Frank J. Wilson relinquished the leadership of the Metropolitan Transit Authority on Friday, leaving Metro’s reconstituted board and an acting chief executive with the task of completing the light rail system Wilson was hired to build six years ago.
Wilson, 61, signed a deal to terminate his employment as president and chief executive officer in exchange for payments totaling $456,000, plus extensive pension and insurance benefits.
The board emerged from more than two hours of discussions in closed session to announce the deal. It authorized chairman Gilbert Garcia to negotiate a contract with George Greanias, a former city councilman and city controller, as acting chief executive.
Greanias, 62, who will start work Monday, said he hopes to be considered for the permanent position. He has been out of public life, working as a business consultant, since an unsuccessful mayoral campaign in 1997.
This was a long time in coming, and is probably for the best. I think Wilson deserves praise for all he did to get rail as far as it’s come in Houston. It’s easy to forget just how hostile the environment has been at times, especially in the days when Tom DeLay was still in Congress. Given that, it’s almost a miracle we’ve got the one line we have, and may have the others we’re on the verge of building. But if the $900 million in FTA grants really are endangered, well, Wilson’s legacy won’t be nearly as positive.
In recent weeks, however, new questions have emerged about the anticipated federal grant for the North and Southeast lines as the Federal Transit Administration announced an investigation of Metro’s compliance with “Buy America” rules.
Parker said this issue jeopardized the grant, a characterization disputed Friday by U.S. Rep. Sheila Jackson Lee, D-Houston, who attended the board meeting.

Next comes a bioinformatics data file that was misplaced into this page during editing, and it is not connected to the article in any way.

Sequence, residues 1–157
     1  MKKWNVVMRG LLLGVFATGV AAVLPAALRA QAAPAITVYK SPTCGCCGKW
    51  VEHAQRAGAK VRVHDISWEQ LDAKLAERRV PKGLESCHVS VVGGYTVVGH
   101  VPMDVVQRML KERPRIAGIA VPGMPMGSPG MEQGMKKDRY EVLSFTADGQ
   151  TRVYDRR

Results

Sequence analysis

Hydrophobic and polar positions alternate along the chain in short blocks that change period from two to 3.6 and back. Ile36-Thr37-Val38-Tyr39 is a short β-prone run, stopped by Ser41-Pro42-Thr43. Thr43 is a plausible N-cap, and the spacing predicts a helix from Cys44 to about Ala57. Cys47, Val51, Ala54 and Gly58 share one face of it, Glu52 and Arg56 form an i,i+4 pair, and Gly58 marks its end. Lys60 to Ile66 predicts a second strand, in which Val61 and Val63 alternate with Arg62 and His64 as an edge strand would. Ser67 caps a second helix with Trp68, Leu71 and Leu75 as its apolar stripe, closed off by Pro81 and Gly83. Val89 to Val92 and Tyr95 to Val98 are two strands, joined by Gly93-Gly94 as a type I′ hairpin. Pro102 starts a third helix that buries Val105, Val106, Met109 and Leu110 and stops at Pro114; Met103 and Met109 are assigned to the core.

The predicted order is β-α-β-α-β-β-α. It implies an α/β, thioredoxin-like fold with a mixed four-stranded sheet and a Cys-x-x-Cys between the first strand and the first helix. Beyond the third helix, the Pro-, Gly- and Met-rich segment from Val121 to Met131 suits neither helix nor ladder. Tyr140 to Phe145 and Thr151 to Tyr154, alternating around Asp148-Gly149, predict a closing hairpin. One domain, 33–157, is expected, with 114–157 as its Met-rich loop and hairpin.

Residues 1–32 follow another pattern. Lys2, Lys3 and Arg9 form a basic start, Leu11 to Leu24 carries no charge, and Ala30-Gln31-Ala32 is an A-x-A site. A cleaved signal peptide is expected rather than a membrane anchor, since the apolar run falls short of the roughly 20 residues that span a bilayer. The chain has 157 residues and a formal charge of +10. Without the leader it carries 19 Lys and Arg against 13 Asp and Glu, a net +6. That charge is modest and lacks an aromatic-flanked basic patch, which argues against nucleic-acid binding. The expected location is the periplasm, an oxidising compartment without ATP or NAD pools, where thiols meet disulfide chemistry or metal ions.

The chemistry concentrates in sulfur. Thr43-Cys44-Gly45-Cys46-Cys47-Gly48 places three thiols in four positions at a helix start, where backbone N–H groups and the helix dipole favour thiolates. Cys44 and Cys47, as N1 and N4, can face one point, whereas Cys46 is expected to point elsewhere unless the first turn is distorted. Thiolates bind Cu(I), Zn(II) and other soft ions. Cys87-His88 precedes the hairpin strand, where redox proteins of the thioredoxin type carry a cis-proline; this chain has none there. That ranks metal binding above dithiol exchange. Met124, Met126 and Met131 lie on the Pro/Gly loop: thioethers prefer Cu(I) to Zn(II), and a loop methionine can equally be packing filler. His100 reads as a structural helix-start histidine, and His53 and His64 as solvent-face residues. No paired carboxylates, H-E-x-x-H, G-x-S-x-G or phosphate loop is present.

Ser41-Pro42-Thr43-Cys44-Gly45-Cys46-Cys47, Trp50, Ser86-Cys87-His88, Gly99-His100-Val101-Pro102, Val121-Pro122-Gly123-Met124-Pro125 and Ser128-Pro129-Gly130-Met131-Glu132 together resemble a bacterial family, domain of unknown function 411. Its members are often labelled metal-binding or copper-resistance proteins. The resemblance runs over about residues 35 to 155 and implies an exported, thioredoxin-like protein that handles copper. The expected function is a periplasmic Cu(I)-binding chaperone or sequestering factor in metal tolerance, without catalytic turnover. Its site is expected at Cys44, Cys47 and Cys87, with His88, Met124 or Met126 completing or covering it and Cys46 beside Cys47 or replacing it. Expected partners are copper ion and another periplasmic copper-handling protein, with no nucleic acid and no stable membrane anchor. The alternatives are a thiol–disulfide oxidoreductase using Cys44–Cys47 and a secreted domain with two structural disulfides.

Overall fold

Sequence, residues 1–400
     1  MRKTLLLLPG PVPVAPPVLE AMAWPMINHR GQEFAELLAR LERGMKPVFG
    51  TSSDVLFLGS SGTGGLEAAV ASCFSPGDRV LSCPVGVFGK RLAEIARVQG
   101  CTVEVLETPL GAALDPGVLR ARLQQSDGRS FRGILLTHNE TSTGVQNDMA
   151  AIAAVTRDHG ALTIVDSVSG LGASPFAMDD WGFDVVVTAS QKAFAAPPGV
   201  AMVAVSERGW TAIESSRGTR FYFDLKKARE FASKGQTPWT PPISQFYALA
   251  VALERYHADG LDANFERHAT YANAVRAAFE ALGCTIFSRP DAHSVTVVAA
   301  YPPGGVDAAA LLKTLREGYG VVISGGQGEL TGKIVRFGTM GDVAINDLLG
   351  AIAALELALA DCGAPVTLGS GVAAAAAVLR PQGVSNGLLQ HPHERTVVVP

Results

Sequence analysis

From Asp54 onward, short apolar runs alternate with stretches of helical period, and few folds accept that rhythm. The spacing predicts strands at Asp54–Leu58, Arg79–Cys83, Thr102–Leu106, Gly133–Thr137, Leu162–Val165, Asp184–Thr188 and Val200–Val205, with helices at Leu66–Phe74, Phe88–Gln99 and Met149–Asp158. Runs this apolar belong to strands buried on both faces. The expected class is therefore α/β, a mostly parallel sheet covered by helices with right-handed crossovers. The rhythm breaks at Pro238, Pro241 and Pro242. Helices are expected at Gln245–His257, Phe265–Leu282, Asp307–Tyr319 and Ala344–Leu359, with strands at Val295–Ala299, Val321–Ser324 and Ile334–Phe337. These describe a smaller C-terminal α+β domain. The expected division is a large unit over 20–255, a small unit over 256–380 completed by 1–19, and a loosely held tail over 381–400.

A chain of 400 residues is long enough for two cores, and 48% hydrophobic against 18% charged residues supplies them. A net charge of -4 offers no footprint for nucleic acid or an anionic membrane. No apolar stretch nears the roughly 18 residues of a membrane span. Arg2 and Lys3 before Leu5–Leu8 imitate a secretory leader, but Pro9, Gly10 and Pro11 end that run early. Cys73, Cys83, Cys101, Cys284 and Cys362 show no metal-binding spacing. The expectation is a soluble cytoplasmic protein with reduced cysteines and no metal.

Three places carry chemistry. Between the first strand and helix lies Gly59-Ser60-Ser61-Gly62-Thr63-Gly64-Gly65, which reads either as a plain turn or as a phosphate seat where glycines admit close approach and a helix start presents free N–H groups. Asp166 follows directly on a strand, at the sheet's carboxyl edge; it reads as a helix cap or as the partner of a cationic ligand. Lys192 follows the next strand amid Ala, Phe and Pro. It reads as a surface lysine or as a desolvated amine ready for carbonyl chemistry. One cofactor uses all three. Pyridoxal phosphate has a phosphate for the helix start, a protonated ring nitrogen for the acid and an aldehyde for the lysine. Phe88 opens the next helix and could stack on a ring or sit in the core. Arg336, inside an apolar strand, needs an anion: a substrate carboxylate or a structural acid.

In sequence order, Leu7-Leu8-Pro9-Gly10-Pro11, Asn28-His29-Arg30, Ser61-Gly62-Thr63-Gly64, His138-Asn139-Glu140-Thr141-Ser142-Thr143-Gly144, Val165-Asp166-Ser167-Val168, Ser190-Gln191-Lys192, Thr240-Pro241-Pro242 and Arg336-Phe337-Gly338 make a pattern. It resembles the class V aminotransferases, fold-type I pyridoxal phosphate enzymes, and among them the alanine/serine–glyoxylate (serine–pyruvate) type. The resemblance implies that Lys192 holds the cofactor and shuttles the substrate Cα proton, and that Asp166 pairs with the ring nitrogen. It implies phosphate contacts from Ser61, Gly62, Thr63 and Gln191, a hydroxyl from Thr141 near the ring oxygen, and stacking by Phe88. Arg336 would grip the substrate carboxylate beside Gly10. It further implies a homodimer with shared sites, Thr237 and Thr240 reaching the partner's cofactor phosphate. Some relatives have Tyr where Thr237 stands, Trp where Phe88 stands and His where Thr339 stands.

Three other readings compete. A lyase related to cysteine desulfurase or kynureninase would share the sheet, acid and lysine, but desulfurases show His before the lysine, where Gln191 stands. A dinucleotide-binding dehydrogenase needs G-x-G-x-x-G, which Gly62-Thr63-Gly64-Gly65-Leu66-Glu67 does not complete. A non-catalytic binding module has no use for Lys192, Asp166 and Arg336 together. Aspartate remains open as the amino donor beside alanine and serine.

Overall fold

“The federal grant is not in jeopardy because we have a good team in Washington” working to secure it, Jackson Lee said.
Hair Balls had a similar report.
[Metro board Chair Gilbert] Garcia said there was no pressure from the FTA for Wilson to resign, that it wasn’t talked about during last week’s meetings in Washington, D.C., so the change in leadership shouldn’t help with any of the FTA’s hesitation.
But Congresswoman Sheila Jackson Lee, who spoke at today’s meeting, said Metro will receive the federal funding. Lee spoke with Ray LaHood, the federal transportation secretary, this morning, and, according to Lee, LaHood told her that the administration is committed to paying for Houston’s new light rail.
Still, Metro has been saying it was set to get its full funding agreement from the feds for more than a year, so we wouldn’t trust anything until that agreement is finalized.
We already knew about LaHood being “committed” to Houston rail. I hope this really does mean that the grants are on their way, but I’ll feel much better when it’s all in black and white. Here’s a statement from Mayor Annise Parker about Wilson’s resignation.
It is a new day for openness and transparency at METRO. Now that a new board and chief executive officer are in place, I am committed to working hand-in-hand with the new leadership and the FTA to achieve the next phase of light rail in Houston. I commend board chair Gilbert Garcia and the other board members for their leadership. I am confident they will continue to act in the best interests of the citizens in METRO’s service area.
The Mayor now has her Board in place, and will soon have a new Metro CEO. Let’s see what the new crew can do.